The RSA Data Privacy & Security Survey 2019 identified that companies have lost the trust of customers as a disconnect has formed between how companies are using customer data and how consumers expect their data to be used.
Despite the fact that consumers harbour heightened concerns about their privacy, they continue to exhibit poor cyber hygiene, with 83% of users admitting that they reuse the same passwords across many sites, leaving them more vulnerable.
Key takeaways from the RSA Data Privacy study, include:
- Context matters: Individuals across all demographics are concerned about their financial/banking data, as well as sensitive information such as passwords, but other areas of concern vary dramatically by generation, nationality and even gender. For example, younger demographics are more comfortable with their data being used and collected than older survey respondents.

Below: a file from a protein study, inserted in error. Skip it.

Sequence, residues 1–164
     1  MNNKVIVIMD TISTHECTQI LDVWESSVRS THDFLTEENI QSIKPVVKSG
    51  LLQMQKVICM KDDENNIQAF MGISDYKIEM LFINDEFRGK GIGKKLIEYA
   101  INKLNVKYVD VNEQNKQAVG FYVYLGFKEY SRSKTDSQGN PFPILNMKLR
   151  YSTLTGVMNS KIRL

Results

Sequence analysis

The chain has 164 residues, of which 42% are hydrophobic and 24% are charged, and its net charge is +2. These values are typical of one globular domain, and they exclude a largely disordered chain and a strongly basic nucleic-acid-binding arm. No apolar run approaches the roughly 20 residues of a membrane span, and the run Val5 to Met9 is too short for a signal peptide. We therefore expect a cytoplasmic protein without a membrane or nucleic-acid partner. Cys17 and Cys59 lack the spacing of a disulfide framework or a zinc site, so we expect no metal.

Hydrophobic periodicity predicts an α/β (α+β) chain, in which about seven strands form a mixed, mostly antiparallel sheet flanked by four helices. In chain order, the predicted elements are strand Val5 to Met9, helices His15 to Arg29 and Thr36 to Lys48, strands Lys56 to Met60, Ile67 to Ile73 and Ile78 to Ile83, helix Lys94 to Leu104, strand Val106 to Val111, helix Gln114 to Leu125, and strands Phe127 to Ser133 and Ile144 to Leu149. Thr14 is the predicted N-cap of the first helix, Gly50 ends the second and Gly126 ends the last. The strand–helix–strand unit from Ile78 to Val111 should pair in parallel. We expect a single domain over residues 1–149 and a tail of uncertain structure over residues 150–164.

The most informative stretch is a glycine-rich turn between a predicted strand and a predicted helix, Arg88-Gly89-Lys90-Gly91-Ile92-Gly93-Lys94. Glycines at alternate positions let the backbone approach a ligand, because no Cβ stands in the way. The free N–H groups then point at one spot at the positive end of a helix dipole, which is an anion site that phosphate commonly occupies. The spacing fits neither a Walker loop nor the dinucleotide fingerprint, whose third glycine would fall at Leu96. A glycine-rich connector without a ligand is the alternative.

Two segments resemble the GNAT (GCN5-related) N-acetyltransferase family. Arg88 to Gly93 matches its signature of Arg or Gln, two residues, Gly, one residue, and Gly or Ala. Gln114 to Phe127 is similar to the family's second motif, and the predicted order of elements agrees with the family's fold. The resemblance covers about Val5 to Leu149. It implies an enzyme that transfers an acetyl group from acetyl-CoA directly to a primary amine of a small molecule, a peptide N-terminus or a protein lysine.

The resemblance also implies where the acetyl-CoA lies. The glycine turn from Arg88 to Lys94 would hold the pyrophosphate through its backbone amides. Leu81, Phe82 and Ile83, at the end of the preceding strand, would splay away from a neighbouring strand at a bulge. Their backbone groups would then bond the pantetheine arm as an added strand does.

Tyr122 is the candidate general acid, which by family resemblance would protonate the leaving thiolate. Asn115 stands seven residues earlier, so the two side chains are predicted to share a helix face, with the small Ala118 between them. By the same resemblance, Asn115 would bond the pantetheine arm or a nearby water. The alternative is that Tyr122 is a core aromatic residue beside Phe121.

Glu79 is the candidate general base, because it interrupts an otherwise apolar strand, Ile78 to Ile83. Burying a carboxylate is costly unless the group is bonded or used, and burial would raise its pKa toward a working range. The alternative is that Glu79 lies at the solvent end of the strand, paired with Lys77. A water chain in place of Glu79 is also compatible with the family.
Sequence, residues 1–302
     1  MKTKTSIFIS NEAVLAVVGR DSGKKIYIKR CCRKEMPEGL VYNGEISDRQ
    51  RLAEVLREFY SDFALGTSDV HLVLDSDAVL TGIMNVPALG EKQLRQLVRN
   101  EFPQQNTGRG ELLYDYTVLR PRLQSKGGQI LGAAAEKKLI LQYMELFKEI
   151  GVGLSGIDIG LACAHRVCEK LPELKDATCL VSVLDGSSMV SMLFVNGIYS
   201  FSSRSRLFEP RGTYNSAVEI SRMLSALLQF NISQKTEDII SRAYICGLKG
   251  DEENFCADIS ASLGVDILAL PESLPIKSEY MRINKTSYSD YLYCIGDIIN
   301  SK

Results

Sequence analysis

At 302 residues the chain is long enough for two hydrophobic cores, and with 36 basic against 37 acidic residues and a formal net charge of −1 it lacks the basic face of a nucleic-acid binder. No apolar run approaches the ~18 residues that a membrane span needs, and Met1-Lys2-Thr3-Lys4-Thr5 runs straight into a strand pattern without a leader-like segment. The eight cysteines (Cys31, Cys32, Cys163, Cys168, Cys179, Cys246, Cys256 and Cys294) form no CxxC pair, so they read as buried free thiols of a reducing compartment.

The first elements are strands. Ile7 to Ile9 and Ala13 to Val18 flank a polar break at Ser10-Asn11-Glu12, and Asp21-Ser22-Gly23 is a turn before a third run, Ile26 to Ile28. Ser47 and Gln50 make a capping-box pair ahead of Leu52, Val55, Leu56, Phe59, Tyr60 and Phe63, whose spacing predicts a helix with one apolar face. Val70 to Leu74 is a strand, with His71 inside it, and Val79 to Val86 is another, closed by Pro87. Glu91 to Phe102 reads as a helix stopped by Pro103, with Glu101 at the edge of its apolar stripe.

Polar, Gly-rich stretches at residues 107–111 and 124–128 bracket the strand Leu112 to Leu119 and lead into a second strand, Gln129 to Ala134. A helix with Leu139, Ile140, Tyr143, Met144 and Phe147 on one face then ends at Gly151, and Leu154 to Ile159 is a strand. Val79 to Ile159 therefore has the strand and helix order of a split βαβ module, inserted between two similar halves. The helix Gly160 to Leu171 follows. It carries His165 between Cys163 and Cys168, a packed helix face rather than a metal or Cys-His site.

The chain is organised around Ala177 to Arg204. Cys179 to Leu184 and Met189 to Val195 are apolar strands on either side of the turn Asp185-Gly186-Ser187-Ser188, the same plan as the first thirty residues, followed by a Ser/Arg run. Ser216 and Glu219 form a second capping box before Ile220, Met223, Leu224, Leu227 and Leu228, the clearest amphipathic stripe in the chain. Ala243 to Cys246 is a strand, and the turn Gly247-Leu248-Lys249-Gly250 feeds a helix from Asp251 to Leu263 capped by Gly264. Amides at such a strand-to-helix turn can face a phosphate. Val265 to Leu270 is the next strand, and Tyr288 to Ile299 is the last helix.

- Privacy expectations are cultural: Consumers respond to data privacy differently based on their nationality due to cultural factors, current events and high-profile data breaches in their respective countries. For example, in the months of the GDPR being implemented, German attitudes shifted in favour of stricter data privacy expectations, with 42% wanting to protect location data in 2018 versus only 29 percent in 2017.
- Personalisation remains a puzzle: Countless studies have demonstrated that personalised experiences increase user activity and purchasing. However, the survey results showed that respondents do not want personalized services at the expense of their privacy. In fact, a mere 17% of respondents view tailored advertisements as ethical, and only 24% believe personalisation to create tailored newsfeeds is ethical.